Forty-nine oil concessions will be awarded between 2019/2025 for exploration, research, development and production of hydrocarbons in Angola.
This forecast is included in the General Strategy for the Allocation of Petroleum Concessions, approved on February 18 of this year by the President of the Republic, João Lourenço, through Presidential Decree 52/19.
The General Strategy presents a distribution map, which provides for nine concessions this year, the same number in 2020, eight in 2021, and 12 and 11 concessions in 2023 and 2025, respectively.
The General Strategy for the Allocation of Petroleum Concessions, according to Presidential Decree 52/19, to which Angop had access today, aims to “ensure the substitution of reserves, promoting the exploration activity in a rational and appropriate manner, triggering appropriate measures to confirm the potential and provide enough crude oil to meet domestic refining capacity through economic weighting of exports versus imports.”
In four other decrees, dated 18 February (Dec-Presidential nº 54,55,56,57 and 58), Sonangol EP is granted rights to explore, develop, and produce liquid and gaseous hydrocarbons at Blocks 30, 45 , 46.47 and Block KON16.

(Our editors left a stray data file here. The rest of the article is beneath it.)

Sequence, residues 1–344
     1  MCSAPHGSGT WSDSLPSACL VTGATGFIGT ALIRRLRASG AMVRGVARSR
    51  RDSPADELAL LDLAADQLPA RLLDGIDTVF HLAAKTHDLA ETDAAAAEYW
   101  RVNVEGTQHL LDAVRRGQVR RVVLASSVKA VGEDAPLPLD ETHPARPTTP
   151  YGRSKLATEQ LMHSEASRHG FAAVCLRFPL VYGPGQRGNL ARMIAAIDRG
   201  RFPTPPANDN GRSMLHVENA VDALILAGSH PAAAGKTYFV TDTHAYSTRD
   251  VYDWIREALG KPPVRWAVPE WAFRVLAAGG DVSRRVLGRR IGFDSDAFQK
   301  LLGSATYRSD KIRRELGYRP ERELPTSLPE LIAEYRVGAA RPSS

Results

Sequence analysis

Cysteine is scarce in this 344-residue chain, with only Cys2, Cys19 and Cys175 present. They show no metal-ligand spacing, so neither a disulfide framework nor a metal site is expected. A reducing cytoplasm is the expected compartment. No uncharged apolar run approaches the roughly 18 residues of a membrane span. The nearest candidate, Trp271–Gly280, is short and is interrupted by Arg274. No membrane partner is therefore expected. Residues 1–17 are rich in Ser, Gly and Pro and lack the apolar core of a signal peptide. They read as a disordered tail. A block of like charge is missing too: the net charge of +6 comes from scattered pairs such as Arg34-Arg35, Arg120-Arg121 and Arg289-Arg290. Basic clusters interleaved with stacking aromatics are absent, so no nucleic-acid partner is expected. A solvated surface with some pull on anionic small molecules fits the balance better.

According to the strategy, the award of oil concessions will be made through Public Tender, Limited Public Bidding and Direct Negotiation.
This General Petroleum Concession Attribution Strategy responds to the natural decline in oil production in Angola (1.49 million barrels per day) due to the lack of investment in the exploration, exploration and exploration segments in the last ten years. Angola has already produced 1.8 million barrels of oil per day.
According to declarations by the Minister of Petroleum and Mineral Resources, Diamantino de Azevedo, in May 2018, these investments were cleared and accumulated to the natural decline of the wells, which is why there is a drop in oil prices.
At the time, the government assumed that by the end of the legislature the sector will work so that oil production does not fall below 1.5 million barrels a day.